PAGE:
Table 4 Meta-regression analyses on the effect of female/male ratio (FMR), latitude, longitude and year. Values are provided as estimate (Standard Error) [Variance explained (%)].

Overall, MIH was influenced by the study sample size explaining 7.7% of the accounted heterogeneity, respectively. The year of publication (estimate = − 0.09, p = 0.023) demonstrated a slight influence on the prevalence of MIH cases with one molar affected (explained 11.6% of heterogeneity).

We then explored whether the prevalence between males and females would differ regarding MIH. Meta-analysis confirmed the latter result from meta-regression that MIH is not sex-related and females and males present a non-significant difference on the prevalence of MIH (0.986, 95% CI 0.940–1.035, I2 = 32.6%, p = 0.564) (Fig. 2).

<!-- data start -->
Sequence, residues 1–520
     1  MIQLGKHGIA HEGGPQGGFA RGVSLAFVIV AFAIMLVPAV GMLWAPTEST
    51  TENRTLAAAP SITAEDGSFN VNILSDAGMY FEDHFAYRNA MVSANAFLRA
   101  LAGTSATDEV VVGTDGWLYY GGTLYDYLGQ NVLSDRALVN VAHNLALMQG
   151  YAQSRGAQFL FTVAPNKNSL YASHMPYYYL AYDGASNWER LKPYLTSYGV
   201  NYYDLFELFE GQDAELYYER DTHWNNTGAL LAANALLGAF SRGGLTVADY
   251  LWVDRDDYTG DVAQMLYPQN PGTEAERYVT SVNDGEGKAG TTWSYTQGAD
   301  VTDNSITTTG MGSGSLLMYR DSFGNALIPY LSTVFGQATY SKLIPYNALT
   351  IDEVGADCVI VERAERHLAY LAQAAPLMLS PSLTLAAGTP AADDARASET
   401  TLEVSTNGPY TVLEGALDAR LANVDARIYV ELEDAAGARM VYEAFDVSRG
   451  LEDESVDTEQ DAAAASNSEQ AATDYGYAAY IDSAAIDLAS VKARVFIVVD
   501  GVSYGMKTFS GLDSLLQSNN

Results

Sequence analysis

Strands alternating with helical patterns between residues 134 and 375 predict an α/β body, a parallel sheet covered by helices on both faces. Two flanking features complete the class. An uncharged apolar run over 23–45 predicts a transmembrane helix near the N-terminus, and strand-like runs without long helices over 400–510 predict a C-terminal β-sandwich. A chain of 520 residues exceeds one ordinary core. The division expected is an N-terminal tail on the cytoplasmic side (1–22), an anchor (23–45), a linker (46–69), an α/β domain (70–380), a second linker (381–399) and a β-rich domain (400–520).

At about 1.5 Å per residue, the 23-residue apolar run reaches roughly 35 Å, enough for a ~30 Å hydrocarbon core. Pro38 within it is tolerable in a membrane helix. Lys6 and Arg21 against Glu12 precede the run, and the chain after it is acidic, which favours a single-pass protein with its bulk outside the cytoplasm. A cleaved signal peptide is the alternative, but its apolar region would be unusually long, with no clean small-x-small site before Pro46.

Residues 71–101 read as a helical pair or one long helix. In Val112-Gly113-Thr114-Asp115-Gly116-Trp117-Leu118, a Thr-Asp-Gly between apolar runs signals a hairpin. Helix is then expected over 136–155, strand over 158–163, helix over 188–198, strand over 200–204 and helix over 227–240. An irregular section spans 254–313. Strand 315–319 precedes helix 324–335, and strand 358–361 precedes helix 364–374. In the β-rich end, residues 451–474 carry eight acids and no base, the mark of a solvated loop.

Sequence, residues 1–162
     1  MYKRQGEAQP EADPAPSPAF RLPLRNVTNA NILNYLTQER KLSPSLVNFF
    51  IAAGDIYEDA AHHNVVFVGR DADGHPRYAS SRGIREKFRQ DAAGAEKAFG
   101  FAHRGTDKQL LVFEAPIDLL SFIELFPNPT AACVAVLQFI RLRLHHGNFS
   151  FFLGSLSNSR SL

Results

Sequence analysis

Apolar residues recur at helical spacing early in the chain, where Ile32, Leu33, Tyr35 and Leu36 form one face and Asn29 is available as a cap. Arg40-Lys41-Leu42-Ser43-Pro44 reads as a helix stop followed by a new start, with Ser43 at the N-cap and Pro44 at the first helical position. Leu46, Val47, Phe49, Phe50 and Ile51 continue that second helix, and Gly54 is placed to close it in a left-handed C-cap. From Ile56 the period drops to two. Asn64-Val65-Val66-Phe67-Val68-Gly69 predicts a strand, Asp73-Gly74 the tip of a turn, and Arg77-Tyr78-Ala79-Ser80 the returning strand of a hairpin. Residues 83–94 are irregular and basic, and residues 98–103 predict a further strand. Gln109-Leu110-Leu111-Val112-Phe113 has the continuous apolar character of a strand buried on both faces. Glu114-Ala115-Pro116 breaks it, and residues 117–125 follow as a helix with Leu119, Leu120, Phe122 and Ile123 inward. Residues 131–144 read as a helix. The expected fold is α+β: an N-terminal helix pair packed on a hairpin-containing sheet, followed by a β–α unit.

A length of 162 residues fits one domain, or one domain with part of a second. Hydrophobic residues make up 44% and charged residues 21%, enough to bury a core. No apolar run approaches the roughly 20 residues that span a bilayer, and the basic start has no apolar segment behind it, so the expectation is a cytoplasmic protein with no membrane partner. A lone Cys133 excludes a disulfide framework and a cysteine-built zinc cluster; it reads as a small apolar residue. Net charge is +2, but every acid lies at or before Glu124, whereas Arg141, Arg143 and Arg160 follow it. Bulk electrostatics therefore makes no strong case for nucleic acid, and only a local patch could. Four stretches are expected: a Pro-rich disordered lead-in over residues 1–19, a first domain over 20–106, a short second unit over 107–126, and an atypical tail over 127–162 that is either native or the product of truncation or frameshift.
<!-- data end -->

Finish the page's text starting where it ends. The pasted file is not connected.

Figure 2
figure 2

Forest plot of meta-analysis comparing MIH prevalence of female versus male participants.

We further explored the prevalence of MIH per continent (Table 5). Among the five continents analyzed, America was the continent with highest prevalence (15.3, 95% CI 12.8–18.3, p < 0.001, I2 = 96.3%) and Asia had the lowest prevalence (10.7, 95% CI 78.5–13.5, p < 0.001, I2 = 98.7%). The differences between continents (test for subgroup differences) were not significant (p = 0.1643).

Table 5 Meta-analysis on the prevalence of MIH per continent.

Additional analyses

No publication bias was detected in the overall analysis (Table 2), except for the prevalence of cases with one molar affected (p = 0.004).

Using the SORT recommendation, we concluded the estimates obtained are classified as SORT A, that means, the results provide high level of confidence.


Summary of main findings